Whether we're inspired by the The Invisible Man or the more recent Harry Potter series, the ability to vanish at will is something that most of us would love to possess. Not only could we duck out of embarrassing situations, but we could spy on our friends and enemies - or even sit in on conversations between Tony Blair and Gordon Brown. Not to mention the nefarious uses to which an invisibility cloak could be put, such as shoplifting and robbing banks.
Until now, such ideas were the preserve of fantasy fiction, movies and daydreams. But according to scientists, writing in the 25 May edition of the journal Science, an invisibility cloak is not only possible, but early versions, that would mask microwaves and other forms of electromagnetic radiation, could be as close as 18 months away.
One of the authors of the paper, Professor Sir John Pendry, a physicist at Imperial College London, stresses that he and his fellow-researchers just need to perfect the manufacture of new materials - called "metamaterials" - that have the ability to steer light and other electromagnetic radiation around an object. "It's theoretically possible to do all of these Harry Potter things," he says. "But what's standing in the way is our engineering capabilities."
Metamaterials can be tuned to bend electromagnetic radiation (radio waves and visible light, in particular) in any direction. A cloak made of these materials would neither reflect light nor cast a shadow. Instead, light and other forms of electromagnetic radiation would hit the cloak and simply flow around it.
Another of the authors of the paper, David R Smith, a professor of engineering at Duke University, North Carolina, gives the analogy of running water: "You place a rock in [a] stream, the flow lines of the stream circle around the rock, and that's essentially what's happening in this cloak. As light comes in, it's directed around the object that you're looking to conceal."
Unlike a rock in a stream, however, the onlooker would see right through the invisibility cloak - everything covered by it would be hidden from view, just like in Harry Potter. To create the formula for metamaterials, the authors of the paper drew on earlier research that they had conducted into the way refracted light travels. Not long ago, scientists believed that it always travels in a predictable direction. But in 2000, Smith's team introduced a grid-like material that bends it in unexpected ways. Many physicists were sceptical, even critical. But in 2003, after several laboratories confirmed the finding, Science listed it as one of the 10 research breakthroughs of the year. The team had found a way to defy the laws of nature, and out of that came the blueprint for the invisibility cloak.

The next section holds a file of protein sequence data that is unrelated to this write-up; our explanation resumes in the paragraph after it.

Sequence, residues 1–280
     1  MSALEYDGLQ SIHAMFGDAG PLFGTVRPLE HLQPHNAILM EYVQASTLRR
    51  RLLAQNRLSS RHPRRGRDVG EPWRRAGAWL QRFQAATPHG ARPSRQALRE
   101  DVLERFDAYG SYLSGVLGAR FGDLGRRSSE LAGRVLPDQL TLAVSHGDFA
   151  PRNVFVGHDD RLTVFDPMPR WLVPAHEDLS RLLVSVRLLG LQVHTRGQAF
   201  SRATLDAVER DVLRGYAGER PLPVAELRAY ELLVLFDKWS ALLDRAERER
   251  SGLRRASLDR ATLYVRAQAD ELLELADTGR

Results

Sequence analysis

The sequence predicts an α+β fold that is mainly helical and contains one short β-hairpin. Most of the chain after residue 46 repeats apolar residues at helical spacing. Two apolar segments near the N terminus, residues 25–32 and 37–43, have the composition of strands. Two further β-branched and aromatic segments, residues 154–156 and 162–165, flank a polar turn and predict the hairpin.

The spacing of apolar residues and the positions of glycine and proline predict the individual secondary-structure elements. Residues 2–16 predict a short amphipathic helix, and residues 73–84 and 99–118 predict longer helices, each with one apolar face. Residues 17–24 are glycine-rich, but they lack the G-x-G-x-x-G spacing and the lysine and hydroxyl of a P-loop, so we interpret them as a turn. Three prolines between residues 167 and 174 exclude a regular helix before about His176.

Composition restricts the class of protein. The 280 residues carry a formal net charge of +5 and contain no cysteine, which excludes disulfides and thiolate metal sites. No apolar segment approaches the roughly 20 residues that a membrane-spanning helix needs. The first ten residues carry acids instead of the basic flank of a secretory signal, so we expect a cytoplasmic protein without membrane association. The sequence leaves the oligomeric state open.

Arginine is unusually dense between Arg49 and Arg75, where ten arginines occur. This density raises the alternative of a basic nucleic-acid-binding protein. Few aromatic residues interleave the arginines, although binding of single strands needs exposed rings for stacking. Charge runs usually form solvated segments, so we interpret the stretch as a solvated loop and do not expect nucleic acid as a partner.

Clearly, one of the obvious uses for an invisibility cloak is in the military (unsurprisingly, Smith's team is part-funded by the US Department of Defense). Metamaterials could hide a spy plane or be used by special forces to go unobserved behind enemy lines. Smith and his team also suggest using cloaking materials to keep ugly buildings, such as factories or refineries, from spoiling the view. Other forms of cloaks, they say, could deflect destructive seismic waves or dangerous radiation from buildings.
Currently - even in the theoretical models - there are limitations. For one thing, if you were concealed beneath the cloak, the trade-off for vanishing would be you wouldn't be able to see out (but Smith and his team are working on overcoming this). Smith also freely admits that you couldn't do much inside an invisibility cloak - you'd have to stay still. "It can't change its shape," he explains. "If a person is moving around, lifting or waving their arms, that becomes very difficult to cloak."
And what about bumping into objects? That could be quite an issue if you cloaked large ugly buildings. "I suppose that's always a danger," Smith concedes. "But I think nearly everyone has bumped into a closed sliding glass door once in their lives."
The idea of making objects invisible is nothing new. It has long been a mainstay of conjuring. In 1918, for example, the escapologist and magician Houdini marched a 6,000lb Asian elephant called Jennie on to the stage at the New York Hippodrome. He then enticed Jennie into a specially constructed cabinet and shut the doors. The orchestra whipped up a frenzied climax, whereupon Houdini pulled open the doors to reveal that Jennie had vanished. In reality, she hadn't vanished at all; she was simply hidden behind a mirrored screen that made it look as if the cabinet was empty.